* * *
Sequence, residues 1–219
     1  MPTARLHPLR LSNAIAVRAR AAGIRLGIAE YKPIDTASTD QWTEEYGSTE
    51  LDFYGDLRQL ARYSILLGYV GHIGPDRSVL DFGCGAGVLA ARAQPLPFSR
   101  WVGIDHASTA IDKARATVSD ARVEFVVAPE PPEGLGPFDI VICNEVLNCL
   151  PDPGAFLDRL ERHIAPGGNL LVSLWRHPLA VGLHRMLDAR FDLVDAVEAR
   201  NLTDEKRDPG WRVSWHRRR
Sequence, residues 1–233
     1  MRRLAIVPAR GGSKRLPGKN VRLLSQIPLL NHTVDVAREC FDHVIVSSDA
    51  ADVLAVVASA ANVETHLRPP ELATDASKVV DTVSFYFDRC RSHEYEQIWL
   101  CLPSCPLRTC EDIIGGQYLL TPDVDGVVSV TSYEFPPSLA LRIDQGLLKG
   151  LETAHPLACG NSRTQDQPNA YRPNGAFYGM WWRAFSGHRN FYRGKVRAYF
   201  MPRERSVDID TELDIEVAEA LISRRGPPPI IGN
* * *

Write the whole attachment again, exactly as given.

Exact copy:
Sequence, residues 1–219
     1  MPTARLHPLR LSNAIAVRAR AAGIRLGIAE YKPIDTASTD QWTEEYGSTE
    51  LDFYGDLRQL ARYSILLGYV GHIGPDRSVL DFGCGAGVLA ARAQPLPFSR
   101  WVGIDHASTA IDKARATVSD ARVEFVVAPE PPEGLGPFDI VICNEVLNCL
   151  PDPGAFLDRL ERHIAPGGNL LVSLWRHPLA VGLHRMLDAR FDLVDAVEAR
   201  NLTDEKRDPG WRVSWHRRR
Sequence, residues 1–233
     1  MRRLAIVPAR GGSKRLPGKN VRLLSQIPLL NHTVDVAREC FDHVIVSSDA
    51  ADVLAVVASA ANVETHLRPP ELATDASKVV DTVSFYFDRC RSHEYEQIWL
   101  CLPSCPLRTC EDIIGGQYLL TPDVDGVVSV TSYEFPPSLA LRIDQGLLKG
   151  LETAHPLACG NSRTQDQPNA YRPNGAFYGM WWRAFSGHRN FYRGKVRAYF
   201  MPRERSVDID TELDIEVAEA LISRRGPPPI IGN